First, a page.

The morphologic findings are of acute myelogenous leukemia. Flow cytometric data are also consistent with acute myelogenous leukemia, but in addition flow cytometric studies detect the presence of a lymphoproliferative process, chronic lymphocytic leukemia (CD5+/CD19+). The morphologic findings of abundant basophils in the bone marrow aspirate suggests that a chronic myelogenous leukemia presenting in blast crisis should be ruled out by cytogenetic and/or molecular studies. The association of acute myelogenous leukemia to chronic lymphocytic leukemia has been previously described.
The morphologic findings in this 68 year-old woman are consistent with the rare occurrence of concomitant acute myelogenous (AML) and chronic lymphocytic leukemia (CLL) confirmed by the flow cytometric analysis. The diagnosis of AML-M2 rests upon the bone marrow findings of marked hypercellularity, >30% blasts, >3% myeloperoxidase positive blasts, > 10% granulocytic cells which have matured beyond the blast stage, and <20% monocytic cells. Flow cytometric immunophenotypic studies performed on the bone marrow aspirate demonstrate a CD13,33+/CD34+, CD15+, HLA-DR+, myeloperoxidase positive large non-complex cell population (48% of events).
The possibility that the AML in this case represented CML in blast crisis was considered due to the relatively increased number of basophils in several bone marrow particles. However, genotypic and cytogenetic studies, did not demonstrate the Bcr-abl translocation thus making the diagnosis of blast crisis less likely.
The diagnosis of concomitant CLL in this case was based upon absolute lymphocytosis in the peripheral blood and bone marrow aspirate flow cytometric immunophenotypic findings of monoclonal kappa positive B-cells which coexpressed CD19 and CD5 and had weak surface immunoglobulin. Cytogenetic and FISH studies performed on interphase cells did not reveal evidence for trisomy 12.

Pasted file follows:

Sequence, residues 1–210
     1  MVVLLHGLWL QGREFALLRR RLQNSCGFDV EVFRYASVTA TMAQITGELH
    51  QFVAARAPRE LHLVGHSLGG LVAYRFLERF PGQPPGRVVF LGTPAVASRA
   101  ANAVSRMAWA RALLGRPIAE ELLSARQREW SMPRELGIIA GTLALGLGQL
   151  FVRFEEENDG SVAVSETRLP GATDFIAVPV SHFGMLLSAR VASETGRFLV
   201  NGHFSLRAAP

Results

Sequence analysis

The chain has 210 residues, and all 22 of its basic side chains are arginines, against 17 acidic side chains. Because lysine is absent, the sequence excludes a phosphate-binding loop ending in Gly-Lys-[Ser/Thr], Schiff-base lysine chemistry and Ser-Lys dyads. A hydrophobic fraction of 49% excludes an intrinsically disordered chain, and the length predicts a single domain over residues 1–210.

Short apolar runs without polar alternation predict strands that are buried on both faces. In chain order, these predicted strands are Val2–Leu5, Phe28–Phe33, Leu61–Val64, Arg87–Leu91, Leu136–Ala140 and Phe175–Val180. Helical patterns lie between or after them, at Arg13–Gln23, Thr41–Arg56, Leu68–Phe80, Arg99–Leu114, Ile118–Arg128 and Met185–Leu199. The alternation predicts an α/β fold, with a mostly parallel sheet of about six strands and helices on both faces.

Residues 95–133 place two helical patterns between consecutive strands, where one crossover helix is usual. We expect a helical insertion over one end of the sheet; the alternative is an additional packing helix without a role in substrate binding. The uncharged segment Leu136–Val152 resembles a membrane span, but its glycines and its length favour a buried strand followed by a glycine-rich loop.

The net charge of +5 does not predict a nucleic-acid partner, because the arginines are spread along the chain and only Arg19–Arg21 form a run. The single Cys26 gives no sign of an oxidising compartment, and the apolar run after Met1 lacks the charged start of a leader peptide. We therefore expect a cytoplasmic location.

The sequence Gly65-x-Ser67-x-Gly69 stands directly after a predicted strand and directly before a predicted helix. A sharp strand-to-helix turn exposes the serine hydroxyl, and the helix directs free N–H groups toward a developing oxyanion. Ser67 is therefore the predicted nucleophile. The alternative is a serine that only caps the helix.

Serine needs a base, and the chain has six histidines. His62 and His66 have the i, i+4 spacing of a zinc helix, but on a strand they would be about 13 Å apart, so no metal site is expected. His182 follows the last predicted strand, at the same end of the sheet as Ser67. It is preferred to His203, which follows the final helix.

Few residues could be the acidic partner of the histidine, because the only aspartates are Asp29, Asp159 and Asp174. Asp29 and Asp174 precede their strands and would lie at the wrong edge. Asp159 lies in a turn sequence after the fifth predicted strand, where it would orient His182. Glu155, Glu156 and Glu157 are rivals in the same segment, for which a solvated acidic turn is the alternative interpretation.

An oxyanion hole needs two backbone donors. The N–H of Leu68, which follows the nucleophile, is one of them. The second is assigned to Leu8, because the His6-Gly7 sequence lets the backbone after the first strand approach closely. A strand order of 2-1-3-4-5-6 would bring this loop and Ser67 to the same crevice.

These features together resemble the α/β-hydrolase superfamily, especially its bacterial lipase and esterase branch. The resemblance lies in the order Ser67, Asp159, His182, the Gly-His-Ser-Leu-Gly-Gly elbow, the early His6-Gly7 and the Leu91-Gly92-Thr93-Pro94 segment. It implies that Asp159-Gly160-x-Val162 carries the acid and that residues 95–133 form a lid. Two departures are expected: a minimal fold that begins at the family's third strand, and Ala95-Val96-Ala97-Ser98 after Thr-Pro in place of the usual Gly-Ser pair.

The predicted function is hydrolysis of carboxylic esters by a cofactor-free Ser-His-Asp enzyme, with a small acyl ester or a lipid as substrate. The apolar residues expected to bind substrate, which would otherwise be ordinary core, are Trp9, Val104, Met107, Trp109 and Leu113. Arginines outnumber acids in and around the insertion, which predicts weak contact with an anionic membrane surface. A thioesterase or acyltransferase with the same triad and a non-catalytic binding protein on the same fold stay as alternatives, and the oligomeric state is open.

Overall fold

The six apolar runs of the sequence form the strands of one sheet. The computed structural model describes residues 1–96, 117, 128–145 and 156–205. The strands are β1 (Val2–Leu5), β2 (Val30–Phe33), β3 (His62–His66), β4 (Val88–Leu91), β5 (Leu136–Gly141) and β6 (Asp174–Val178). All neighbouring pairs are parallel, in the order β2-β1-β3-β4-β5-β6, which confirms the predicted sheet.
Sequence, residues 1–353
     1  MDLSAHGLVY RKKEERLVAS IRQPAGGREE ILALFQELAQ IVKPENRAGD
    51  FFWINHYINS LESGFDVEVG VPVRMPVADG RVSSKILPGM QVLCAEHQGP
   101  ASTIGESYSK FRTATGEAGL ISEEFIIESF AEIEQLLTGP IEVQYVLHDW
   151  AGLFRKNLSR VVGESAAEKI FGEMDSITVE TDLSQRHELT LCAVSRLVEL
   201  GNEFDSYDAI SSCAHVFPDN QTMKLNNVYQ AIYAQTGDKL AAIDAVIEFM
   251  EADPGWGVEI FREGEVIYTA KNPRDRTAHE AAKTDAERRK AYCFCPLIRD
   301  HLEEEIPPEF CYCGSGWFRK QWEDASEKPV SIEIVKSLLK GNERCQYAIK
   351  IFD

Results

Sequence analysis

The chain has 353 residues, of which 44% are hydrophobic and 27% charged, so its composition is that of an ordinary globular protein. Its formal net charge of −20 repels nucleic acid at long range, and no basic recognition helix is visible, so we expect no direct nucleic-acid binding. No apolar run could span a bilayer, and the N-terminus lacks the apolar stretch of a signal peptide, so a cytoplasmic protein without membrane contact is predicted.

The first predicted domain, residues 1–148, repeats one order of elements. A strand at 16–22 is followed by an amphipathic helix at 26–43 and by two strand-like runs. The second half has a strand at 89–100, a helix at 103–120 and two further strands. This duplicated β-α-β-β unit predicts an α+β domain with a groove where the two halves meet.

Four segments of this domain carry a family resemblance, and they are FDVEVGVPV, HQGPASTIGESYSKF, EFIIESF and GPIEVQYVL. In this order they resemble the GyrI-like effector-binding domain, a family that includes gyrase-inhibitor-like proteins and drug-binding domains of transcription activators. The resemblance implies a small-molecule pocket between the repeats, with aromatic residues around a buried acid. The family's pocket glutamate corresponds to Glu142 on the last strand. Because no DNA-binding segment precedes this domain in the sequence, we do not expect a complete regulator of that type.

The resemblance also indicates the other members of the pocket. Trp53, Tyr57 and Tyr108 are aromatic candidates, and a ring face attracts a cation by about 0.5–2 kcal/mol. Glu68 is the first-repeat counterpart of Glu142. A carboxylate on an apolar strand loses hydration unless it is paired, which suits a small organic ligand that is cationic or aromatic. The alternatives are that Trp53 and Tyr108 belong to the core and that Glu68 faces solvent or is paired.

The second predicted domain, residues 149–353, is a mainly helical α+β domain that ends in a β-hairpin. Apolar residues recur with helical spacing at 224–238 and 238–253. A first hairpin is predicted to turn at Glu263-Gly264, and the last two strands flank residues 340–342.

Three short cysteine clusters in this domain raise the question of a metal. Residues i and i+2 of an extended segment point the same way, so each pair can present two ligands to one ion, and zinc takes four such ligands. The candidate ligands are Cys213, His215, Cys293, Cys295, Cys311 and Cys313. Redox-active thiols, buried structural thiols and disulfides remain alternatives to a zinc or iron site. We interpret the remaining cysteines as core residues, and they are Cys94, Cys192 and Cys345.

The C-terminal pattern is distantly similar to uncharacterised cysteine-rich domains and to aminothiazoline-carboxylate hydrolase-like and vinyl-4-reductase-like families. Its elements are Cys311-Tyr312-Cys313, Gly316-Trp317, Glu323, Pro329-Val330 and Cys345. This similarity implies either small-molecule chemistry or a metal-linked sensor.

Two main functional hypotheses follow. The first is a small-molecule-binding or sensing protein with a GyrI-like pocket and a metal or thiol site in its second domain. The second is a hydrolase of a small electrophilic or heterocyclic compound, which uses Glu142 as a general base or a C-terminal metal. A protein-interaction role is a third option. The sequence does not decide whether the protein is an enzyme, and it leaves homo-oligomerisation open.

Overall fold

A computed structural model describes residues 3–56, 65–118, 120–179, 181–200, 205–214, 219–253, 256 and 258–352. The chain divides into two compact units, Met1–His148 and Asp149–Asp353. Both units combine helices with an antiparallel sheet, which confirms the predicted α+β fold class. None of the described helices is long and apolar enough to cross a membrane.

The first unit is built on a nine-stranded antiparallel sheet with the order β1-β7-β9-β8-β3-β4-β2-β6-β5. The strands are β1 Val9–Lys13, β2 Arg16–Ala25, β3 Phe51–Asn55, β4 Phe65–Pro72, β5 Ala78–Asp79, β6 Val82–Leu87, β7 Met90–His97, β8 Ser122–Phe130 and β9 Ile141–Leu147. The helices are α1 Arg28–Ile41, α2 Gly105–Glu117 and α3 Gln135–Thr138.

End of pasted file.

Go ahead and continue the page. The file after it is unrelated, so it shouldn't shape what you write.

The simultaneous presentation of AML and CLL has been noted in a small number of reports. AML may also occur following treatment of CLL with chemotherapeutic agents. Flow cytometric immunophenotypic studies has been shown previously to aid in the diagnosis of concomitant AML and CLL and proved beneficial in this case. In the rare cases of simultaneous presentation, symptomatology due to the presence of AML may lead the patient to seek medical attention, subsequently leading to the discovery of coexistent indolent asymptomatic CLL. The development of other malignancies in patients with CLL has been shown to occur and is possibly due to the decreased immune competence reported in these patients. Some authors hypothesize that the simultaneous occurrence of AML and CLL may be due to a common stem cell defect or leukemogenic factor or possibly a genetic susceptibility in some patients. Concomitant AML and CLL occurring due to chance cannot be excluded. Regardless of the etiology, complete remission of simultaneous AML and CLL, demonstrated immunologically, was achieved in one case report. In this case, the patient's latest BMBx at 1 month following induction chemotherapy demonstrated residual chronic lymphocytic leukemia by flow cytometric immunophenotypic studies, although acute myelogenous leukemia was not identified.
Contributed by Valerie A. Holst, MD, Lila S. Penchansky, MD, and Charles A. Richert, MD